In a wonderfully refreshing, if somewhat immodest manner, Bank of America is touting what it calls “the initial reults of the most comprehensive survey to-date of the philanthropic behavior of of weathy Americans.”

The survey, conducted by the Center on Philanthropy at Indiana University and paid for by Bank of America, reflects the opinions of nearly 1,000 respondents with household income greater than $200,000 and/or net-worth of at least $1 million.

No surprises in this study that confirms most of the serious wealth and major donor research over the past decade. Nonetheless, the sheer scope of the effort makes it a 'must read' for strategically-minded fundraisers.

Before getting to the bottom line of the study, a kudo or two to Bank of America in the candor and openess department. Rather than try to camouflage this study as some charitably inspired, “aw-shucks-we're-just-trying-to-help” effort, the Bank makes absolutely clear that they're into this for all the right reasons: money!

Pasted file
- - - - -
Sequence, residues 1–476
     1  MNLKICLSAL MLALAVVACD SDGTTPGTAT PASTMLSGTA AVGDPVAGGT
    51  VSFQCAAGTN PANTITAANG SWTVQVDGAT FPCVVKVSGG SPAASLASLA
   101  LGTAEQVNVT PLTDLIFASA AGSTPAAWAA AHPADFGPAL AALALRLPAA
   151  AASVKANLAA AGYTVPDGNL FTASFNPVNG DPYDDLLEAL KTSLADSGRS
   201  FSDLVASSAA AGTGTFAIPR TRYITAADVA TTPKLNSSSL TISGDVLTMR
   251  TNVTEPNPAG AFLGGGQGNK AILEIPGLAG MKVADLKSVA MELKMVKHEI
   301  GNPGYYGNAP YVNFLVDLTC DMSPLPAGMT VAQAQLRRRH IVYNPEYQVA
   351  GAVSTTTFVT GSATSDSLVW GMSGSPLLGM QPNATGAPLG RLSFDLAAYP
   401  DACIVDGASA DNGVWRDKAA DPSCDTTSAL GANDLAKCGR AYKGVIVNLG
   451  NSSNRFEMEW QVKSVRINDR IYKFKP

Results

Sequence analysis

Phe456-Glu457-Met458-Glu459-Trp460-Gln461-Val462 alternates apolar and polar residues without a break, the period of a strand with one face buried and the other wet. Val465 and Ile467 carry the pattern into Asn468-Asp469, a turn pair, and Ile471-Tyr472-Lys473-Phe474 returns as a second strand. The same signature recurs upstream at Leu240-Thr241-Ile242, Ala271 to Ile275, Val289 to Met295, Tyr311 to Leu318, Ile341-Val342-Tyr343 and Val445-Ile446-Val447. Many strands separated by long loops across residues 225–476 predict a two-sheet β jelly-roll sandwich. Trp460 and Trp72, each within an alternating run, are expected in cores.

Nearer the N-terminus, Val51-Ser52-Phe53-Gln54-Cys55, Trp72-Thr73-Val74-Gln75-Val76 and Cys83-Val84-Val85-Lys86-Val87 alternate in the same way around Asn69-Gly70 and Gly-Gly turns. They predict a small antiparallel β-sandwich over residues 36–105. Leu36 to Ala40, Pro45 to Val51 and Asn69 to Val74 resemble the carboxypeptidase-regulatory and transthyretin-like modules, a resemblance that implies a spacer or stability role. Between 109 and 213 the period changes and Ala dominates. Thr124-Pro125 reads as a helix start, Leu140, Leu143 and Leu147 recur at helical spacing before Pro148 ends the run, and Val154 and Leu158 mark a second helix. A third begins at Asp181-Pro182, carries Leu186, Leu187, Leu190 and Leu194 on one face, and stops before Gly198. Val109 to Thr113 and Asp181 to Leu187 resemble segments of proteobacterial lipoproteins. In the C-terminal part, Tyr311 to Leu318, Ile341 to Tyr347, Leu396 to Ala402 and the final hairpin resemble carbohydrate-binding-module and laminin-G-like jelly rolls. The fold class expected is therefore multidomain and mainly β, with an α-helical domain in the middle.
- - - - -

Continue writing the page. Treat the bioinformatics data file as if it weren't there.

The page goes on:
And clearly they are. For example, Bank of America Family Wealth Advisors, part of the private banking division, focuses on the nation's wealthiest familes; and its Philanthropic Management division manages $30 billion in funds for more than 9,000 non-profits, foundations, donors and other philanthropic clients. They make no bones about their interest in philanthropy.

It's long amazed us that too many financial institutions and most non-profits want to pussyfoot around the issue of making money out of effective philanthropic management — especially given the immense size of the global market for good works and the money involved. Afterall, don't charities deserve the same or even greater skill when it comes to investing and money management and why shouldn't they pay for it handsomely.

So, our hats are off to Bank of America, both for their candor and for this study.

Below is a brief take away of the top line findings. But, don't take our word for it. Read their press release and the details in it.

Continue reading “We're In It For The Money”

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